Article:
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Kent Past

The History of Kent

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History of Detling

Detling comes from the Old English ‘ingas’ meaning the ‘people of, people called after’ combined with a personal name; therefore, the ‘people of Dyttel’.

Detling parish church is a Grade: I listed building, dedicated to Saint Martin of Tours. The Normans built the nave and chancel in the 12th century -as a Chapel-of-Ease to Maidstone church - with additions and extensions in the 13th and 15th centuries. In 1538, the church acquired a 14th century, wooden, four sided, reading lectern, with a swivel base, from Boxley Abbey. In 1798, Edward Hasted described the Detling church as a ‘small building, with a low pointed steeple, and is situated at the south west end of the village’. In 1861, the Victorian architect R C Hussey carried out restoration work.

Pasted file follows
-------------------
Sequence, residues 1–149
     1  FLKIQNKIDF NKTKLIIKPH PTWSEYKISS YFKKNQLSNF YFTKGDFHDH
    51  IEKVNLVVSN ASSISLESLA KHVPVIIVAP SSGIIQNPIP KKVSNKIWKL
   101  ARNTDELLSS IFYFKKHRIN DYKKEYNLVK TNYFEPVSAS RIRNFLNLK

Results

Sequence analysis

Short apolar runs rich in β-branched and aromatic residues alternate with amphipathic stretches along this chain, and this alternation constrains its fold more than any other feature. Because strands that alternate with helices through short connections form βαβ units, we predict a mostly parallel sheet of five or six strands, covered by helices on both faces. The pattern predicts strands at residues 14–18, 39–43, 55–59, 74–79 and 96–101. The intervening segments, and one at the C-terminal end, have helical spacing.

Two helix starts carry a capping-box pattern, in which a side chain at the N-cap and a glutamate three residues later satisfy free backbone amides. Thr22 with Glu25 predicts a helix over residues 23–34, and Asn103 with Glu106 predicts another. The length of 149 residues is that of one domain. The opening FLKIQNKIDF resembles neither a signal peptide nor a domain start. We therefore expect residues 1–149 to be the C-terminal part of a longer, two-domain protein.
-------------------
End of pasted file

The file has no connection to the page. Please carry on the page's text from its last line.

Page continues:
At the top of Detling Hill, the Royal Navy established an Air Station during WWI, and a satellite airfield in WWII. After the war, both the Army and RAF used the facility. Kent County Council subsequently developed the area as a county showground.